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Classics Major!

valuable1212valuable1212 Registered User Posts: 396 Member
edited December 2004 in College Search & Selection

I think I would really like majoring in something like classics. I am pretty sure a lot of people double major because I don't know how much someone could do with just a major in Classics. I was just wondering what most people do end up with after majoring in classics such as a job/school etc.? Anyone on the board that is majoring/minoring in Classics, if you could please give me some information on the course work, how you like latin/greek, if it helped you for graduate school, why you pursued it as a major, etc. I find it all very interesting (translating,reading,philosophy, etc.) but I hope there is some use for it after undergrad. Just wanted to hear what CC'ers had to say on the major. I am sure it is a ton of reading/writing. Anyone with any personal experience etc. just respond hehe :)
Post edited by valuable1212 on

Replies to: Classics Major!

  • coureurcoureur Registered User Posts: 11,386 Senior Member
    I know three Classics majors. One ended up a librarian, one is a doctor, and the third is a successful attorney. The librarian and the doctor both played on Jeopardy. All three are very smart and very articulate.
  • lionswimlionswim Registered User Posts: 417 Member
    Classics majors have very high acceptance rates in both med and law school. A lot of them also end up as professors, religious leaders, or archaeoligists. My Latin teacher tells me that Latin teachers are in high demand now because more schools are leaning toward classical education. He went to Baylor.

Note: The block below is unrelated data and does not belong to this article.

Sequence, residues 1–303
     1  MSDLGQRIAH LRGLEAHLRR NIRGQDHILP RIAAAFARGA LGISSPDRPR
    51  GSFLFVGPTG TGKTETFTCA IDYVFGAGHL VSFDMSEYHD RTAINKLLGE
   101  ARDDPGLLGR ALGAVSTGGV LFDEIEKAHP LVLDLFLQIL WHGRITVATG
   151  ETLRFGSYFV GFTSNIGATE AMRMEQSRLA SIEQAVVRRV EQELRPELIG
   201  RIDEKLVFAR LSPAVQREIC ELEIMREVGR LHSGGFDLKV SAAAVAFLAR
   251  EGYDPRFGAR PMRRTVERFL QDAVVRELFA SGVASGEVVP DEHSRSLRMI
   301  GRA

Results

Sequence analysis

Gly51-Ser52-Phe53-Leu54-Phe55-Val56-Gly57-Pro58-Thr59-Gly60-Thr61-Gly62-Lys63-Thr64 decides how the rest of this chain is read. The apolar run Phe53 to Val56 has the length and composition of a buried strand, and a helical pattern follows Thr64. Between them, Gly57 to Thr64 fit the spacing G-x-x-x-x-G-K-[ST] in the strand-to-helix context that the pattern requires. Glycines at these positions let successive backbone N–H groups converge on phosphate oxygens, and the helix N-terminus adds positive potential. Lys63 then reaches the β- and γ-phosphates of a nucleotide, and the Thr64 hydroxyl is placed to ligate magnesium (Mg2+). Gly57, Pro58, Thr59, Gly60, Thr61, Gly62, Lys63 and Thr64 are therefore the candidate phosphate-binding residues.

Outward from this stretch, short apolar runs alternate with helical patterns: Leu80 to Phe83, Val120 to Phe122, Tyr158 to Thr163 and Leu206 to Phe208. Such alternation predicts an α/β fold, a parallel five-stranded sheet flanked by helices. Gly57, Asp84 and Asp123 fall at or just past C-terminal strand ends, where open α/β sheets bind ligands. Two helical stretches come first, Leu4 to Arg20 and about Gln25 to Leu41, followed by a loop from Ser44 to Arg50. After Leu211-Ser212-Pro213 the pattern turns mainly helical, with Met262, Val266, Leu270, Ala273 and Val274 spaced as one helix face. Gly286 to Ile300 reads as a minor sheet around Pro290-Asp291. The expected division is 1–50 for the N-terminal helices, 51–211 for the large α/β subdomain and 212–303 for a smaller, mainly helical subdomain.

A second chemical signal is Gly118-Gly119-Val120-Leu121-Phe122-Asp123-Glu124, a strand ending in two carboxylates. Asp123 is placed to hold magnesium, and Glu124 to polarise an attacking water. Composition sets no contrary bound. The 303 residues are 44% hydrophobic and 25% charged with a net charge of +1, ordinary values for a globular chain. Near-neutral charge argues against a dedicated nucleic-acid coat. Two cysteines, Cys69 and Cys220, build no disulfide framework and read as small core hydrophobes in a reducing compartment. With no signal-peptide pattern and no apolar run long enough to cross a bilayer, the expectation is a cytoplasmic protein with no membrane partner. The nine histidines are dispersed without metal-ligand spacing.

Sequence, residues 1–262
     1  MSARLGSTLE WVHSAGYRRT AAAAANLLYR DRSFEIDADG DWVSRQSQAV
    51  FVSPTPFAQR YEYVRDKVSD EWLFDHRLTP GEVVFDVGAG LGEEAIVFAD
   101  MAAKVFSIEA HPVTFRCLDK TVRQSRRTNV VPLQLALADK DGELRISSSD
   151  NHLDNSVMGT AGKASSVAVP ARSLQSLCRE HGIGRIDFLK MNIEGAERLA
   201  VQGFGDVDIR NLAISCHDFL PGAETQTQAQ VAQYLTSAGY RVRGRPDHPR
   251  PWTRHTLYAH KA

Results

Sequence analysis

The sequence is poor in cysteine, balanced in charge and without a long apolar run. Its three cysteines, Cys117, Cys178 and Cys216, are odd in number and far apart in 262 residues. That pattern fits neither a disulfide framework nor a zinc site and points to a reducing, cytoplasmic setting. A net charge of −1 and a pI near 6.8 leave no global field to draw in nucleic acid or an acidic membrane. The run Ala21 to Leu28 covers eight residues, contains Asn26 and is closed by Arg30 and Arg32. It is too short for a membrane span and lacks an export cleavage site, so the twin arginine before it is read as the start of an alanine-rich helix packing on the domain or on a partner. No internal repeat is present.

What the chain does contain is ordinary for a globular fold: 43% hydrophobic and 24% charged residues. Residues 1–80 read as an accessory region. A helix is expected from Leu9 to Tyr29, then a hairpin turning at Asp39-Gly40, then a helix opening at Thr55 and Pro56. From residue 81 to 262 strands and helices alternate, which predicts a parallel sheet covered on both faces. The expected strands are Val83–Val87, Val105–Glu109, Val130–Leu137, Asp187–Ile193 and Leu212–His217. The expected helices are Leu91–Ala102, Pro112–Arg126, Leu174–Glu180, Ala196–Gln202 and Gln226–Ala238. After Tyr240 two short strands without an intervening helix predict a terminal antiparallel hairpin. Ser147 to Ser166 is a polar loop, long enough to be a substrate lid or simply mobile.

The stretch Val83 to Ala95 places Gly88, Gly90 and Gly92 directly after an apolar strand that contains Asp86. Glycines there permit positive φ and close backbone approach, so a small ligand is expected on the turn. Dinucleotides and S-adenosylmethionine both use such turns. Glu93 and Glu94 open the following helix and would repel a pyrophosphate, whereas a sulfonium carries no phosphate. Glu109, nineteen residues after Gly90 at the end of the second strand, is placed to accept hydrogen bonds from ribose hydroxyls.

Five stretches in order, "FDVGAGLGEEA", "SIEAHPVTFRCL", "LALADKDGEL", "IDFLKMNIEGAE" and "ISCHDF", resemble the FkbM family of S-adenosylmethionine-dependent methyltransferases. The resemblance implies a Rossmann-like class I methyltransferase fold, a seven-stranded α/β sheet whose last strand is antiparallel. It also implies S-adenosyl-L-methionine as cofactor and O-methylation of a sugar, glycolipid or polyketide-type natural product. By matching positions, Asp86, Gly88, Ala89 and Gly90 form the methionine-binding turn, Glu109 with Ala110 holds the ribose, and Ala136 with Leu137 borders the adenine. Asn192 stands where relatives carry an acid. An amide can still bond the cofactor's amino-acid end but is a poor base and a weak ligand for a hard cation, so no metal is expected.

• bigjake587bigjake587 - Posts: 733 Member
    Classics does not necessarily have to translate into a career. You pursue it because you like classical civilization, philosophy etc (like you mentioned). Learning that greatly expands your knowledge. As far as careers go, you can double major nicely with economics or political science. Like coureur and lionswim mentioned, classics majors do very well in law school. Law does not really have a specific undergraduate major. I guess classics majors can go to medical school, but i dont see how that would work unless they double majored in something scientific. Maybe i'm missing something.
  • valuable1212valuable1212 Registered User Posts: 396 Member
    I applied to Bucknell, Pitzer, Scripps, Oxy, Wellesley, Tulane, and Santa Clara University (Yes a weird group of schools). I know Pitzer, Scripps, Bucknell, and Wellesley should have great classic departments, Oxy only has a minor and I am not sure about Santa Clara and Tulane's reputation in that aspect. Could you rank the schools from best to "worst" concerning Classics if you have any idea? I applied ED to Scripps...Are they known for Classics?
  • grxkngrxkn Registered User Posts: 382 Member
    I only know 2 Classics majors, and they're both super-successful doctors today.
  • coureurcoureur Registered User Posts: 11,386 Senior Member
    >>I guess classics majors can go to medical school, but i dont see how that would work unless they double majored in something scientific.<<

    Like law schools, medical schools do not require a specific major. They do usually require a specific set of classes that must be taken: 1 year of general chem, 1 year of organic chem, 1 year of physics, calculus, a couple of biology classes, etc. You can usually fit those in around a Classics or other major, maybe with the help of a summer session or two. Add a couple more chem classes and you could come out with a chem minor to go with the Classics major.
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